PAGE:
One important observation I made along the way was that both image and text were important for the web. Images are more appealing aesthetically, and most people will prefer a visually rich presentation to a sparse text-based one. Text, on the other hand, can be processed in a meaningful way by computers. Computers can search text and analyze its content. Google and friends have shown us wonderful things to do with text and I think there is much mileage left.
MH: The Opera browser has not been without its struggles, despite best efforts to keep it standards-aware, low-cost with a free ad-supported version, and very lightweight. Can you point to the features in Opera that you think are particularly strong and those that have remained problematic?
HL: My favorite feature is OperaShow, which instantly turns Opera into a PowerPoint-like presentation engine. It’s fully based on standards, and it extends the reach of the web from a scrollable canvas to a paged presentation. Also, I’m very proud of the work we have done to display web pages on small screens. So Opera covers the whole range, from big to small screens.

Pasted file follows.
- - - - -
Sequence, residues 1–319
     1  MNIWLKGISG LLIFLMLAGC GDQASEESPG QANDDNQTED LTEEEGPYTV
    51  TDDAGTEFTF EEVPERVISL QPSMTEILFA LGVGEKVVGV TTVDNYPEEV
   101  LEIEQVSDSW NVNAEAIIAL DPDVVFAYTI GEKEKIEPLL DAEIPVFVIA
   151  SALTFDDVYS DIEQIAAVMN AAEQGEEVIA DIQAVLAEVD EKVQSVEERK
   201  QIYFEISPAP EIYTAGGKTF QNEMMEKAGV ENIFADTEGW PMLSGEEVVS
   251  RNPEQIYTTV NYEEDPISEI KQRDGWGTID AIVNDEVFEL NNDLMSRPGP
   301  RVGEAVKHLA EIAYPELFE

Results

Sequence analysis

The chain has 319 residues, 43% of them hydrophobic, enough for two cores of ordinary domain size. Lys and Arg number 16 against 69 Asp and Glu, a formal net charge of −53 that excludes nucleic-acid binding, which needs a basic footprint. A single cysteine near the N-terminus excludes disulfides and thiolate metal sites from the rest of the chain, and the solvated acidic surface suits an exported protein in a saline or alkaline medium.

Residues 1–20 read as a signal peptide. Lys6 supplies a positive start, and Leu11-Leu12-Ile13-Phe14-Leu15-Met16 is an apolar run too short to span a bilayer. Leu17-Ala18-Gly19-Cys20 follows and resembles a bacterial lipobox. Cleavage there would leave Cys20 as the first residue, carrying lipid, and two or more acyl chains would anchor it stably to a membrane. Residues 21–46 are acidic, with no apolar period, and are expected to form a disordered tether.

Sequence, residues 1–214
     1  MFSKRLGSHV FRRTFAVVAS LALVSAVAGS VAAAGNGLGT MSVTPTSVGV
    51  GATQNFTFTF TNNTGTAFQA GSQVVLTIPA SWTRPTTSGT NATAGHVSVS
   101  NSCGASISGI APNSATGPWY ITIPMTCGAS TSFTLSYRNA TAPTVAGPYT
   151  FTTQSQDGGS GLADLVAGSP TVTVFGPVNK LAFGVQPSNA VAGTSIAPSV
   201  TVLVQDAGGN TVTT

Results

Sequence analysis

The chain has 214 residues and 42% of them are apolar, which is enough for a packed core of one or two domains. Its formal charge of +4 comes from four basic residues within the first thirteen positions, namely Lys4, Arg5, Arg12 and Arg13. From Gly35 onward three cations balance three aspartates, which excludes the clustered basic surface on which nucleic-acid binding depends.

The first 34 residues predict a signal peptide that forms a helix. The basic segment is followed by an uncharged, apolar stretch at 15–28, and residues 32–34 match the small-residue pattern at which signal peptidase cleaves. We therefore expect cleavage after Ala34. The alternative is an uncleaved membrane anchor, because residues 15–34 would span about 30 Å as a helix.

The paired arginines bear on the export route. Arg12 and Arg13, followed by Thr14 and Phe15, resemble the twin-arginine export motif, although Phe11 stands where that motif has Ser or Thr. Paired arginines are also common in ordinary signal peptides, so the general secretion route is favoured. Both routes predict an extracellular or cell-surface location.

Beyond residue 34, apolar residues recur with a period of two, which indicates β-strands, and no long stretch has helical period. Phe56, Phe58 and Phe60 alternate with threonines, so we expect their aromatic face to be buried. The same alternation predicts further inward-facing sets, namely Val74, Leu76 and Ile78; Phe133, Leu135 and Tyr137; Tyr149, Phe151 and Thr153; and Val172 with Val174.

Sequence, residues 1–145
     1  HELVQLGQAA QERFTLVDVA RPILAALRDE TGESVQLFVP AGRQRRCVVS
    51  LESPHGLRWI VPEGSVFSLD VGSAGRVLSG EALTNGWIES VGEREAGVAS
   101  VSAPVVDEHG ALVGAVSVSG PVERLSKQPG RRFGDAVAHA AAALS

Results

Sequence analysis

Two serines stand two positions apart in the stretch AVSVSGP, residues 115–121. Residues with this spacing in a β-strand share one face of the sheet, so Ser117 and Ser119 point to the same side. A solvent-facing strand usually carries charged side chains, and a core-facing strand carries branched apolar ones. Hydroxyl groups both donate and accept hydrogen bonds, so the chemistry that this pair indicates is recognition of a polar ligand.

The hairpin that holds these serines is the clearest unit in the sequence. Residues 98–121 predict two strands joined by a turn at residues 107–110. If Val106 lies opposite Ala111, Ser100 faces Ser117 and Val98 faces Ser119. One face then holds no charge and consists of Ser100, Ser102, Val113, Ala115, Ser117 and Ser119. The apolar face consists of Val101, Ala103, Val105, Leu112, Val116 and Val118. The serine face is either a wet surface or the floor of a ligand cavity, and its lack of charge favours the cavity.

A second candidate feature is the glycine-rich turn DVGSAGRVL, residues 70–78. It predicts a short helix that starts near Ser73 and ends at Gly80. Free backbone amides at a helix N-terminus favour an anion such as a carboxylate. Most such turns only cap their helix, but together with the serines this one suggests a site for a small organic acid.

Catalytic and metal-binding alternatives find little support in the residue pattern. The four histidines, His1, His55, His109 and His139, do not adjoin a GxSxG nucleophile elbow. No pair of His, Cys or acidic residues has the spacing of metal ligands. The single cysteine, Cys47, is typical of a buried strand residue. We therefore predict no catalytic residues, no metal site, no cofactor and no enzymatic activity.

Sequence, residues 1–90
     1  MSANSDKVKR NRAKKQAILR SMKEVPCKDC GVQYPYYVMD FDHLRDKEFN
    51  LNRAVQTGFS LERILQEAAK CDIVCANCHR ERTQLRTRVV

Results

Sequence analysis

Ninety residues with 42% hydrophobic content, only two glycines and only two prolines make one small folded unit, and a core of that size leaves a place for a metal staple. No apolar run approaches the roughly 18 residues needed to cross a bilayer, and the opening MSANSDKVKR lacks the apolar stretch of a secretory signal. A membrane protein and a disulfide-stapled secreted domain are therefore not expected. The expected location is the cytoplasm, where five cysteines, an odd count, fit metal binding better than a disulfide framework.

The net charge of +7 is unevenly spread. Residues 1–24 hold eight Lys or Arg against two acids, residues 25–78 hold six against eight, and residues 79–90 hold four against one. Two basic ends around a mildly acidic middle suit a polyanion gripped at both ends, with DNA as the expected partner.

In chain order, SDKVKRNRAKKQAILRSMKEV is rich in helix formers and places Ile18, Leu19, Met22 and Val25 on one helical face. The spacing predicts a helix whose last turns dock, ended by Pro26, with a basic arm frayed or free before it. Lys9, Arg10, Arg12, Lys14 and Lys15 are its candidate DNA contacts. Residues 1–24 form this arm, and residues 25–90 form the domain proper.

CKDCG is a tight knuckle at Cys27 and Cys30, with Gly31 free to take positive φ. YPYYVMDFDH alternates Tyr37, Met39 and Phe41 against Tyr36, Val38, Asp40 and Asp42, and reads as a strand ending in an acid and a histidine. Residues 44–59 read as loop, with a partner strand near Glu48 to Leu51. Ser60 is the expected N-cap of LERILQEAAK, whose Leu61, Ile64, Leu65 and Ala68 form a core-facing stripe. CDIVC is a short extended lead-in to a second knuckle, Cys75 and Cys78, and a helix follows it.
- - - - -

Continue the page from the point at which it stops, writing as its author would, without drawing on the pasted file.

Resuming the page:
Along the way we have struggled much with “Dynamic HTML”. There were no standards to guide efforts in the beginning and we had to reverse-engineer many pages. Then the DOM came along and things started to
MH: Many people are unaware of Opera’s reach. One example is the rendering engine in Macromedia Contribute. While many observers feel Opera has failed as a browser, the point could easily be made that Opera simply has reached a different audience, one that is in essence hidden from the general user but very obvious when one looks at your strategic partners. Could you comment on Opera’s involvement as integrated software within other applications?
HL: We think of Opera as a success on the desktop, after all we’re the best-selling browser there. And, we have about 20 million users, I believe. Recent innovations in Opera8 on the desktop are support for voice input/output and native support for SVG.